Prominent Hong Kong democracy advocate and newspaper publisher Jimmy Lai returned to court to relaunch his appeal for bail on Thursday ahead of his April trial on charges of colluding with foreign forces.
Lai is one of several activists facing charges and possible jail terms under the sweeping National Security Law that was imposed on the semi-autonomous southern Chinese city last year following massive anti-government protests in 2019.
Critics at home and abroad say the legislation amounts to a crackdown on political dissent and free speech that is eroding the rights and freedoms promised to Hong Kong under the “one country, two systems” framework following the handover from British colonial rule in 1997.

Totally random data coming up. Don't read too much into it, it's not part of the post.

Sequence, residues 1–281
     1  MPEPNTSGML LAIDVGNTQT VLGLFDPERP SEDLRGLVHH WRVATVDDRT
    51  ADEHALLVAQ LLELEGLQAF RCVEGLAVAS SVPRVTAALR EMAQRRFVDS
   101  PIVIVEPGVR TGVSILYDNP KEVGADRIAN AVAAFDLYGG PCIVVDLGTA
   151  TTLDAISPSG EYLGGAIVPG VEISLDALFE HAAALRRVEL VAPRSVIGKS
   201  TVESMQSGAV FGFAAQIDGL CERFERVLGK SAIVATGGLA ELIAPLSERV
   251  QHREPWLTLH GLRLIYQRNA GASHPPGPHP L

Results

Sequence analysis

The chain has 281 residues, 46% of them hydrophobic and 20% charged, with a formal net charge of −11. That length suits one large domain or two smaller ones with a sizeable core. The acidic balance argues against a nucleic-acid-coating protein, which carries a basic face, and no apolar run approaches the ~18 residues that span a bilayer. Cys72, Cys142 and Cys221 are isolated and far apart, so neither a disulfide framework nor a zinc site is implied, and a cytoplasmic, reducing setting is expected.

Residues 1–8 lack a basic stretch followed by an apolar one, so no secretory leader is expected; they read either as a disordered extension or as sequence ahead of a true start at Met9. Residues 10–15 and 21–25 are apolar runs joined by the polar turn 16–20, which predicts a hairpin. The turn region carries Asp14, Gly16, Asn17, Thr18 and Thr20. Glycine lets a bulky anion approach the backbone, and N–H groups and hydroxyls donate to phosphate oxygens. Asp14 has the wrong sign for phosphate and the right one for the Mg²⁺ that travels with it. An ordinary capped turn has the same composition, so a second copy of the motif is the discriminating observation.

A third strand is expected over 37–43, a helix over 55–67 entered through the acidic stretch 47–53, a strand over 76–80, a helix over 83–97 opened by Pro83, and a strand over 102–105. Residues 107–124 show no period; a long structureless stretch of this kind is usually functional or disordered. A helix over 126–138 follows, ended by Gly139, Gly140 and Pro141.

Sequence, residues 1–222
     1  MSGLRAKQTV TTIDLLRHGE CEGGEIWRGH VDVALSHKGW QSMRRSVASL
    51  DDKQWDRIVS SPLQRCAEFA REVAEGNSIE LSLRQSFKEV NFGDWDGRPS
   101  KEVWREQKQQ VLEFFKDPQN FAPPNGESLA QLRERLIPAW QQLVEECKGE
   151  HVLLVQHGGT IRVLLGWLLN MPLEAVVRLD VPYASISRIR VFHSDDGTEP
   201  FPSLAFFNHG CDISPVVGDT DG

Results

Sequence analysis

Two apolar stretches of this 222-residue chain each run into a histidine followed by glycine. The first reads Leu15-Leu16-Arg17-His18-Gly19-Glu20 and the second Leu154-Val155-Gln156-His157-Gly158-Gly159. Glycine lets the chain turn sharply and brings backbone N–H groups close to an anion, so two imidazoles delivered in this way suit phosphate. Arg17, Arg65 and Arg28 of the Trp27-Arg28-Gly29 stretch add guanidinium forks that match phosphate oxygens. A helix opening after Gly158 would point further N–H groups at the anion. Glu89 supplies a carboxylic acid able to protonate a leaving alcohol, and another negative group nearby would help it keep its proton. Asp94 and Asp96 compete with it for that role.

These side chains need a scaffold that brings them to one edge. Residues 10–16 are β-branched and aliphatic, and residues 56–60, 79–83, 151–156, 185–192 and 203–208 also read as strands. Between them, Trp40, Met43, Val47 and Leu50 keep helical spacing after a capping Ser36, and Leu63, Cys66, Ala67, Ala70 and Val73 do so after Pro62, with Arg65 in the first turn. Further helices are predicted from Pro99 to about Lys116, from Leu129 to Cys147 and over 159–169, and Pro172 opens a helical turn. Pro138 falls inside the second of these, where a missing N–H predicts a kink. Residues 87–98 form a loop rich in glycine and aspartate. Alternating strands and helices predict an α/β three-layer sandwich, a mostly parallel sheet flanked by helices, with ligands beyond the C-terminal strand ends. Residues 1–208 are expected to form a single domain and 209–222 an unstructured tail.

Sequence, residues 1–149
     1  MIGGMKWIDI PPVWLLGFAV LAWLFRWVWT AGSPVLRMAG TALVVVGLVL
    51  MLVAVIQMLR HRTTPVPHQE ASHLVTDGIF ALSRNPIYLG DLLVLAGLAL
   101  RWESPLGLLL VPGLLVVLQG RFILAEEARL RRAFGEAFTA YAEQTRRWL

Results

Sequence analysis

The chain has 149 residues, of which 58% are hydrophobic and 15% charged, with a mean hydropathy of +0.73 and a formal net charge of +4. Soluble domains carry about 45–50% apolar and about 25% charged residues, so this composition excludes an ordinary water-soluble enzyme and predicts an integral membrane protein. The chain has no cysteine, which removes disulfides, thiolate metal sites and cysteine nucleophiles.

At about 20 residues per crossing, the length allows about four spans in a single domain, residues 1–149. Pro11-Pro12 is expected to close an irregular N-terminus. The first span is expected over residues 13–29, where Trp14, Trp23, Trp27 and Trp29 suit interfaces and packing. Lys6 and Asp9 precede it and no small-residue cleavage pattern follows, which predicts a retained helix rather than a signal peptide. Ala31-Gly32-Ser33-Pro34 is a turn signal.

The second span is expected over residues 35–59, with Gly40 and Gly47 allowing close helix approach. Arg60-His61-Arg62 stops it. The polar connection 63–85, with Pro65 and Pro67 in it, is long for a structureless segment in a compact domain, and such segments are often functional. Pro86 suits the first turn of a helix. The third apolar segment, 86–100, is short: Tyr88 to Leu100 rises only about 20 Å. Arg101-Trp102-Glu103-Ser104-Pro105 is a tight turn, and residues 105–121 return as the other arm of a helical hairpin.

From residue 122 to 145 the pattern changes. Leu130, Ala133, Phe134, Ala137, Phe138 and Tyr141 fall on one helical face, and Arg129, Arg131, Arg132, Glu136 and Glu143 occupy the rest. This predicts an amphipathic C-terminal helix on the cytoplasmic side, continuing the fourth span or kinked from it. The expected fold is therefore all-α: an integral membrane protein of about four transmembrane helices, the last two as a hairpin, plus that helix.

Arrested and charged in early December, Lai was at first denied bail then granted it on appeal under strict conditions amounting for a form of house arrest. That prompted a withering attack on the Hong Kong judiciary by the ruling Communist Party newspaper People’s Daily. Lai was then returned to prison under a provision of the law that allows a judge to deny bail in cases where the person may again commit the crime for which they are already facing charges.
He was believed to have arrived at Hong Kong’s High Court in a prison van on Thursday morning.
Lai’s latest appeal was based on separate legal grounds. He also faces fraud charges related to use of offices of the Apple Daily newspaper and other media holdings, which reported he was also arrested on suspicion of aiding dissidents to flee Hong Kong.
Along with Martin Lee, an 82-year-old veteran of Hong Kong’s democracy movement, Lai is one of the most senior critics of the current Beijing-backed government and has long faced legal and commercial retaliation for his statements and activism.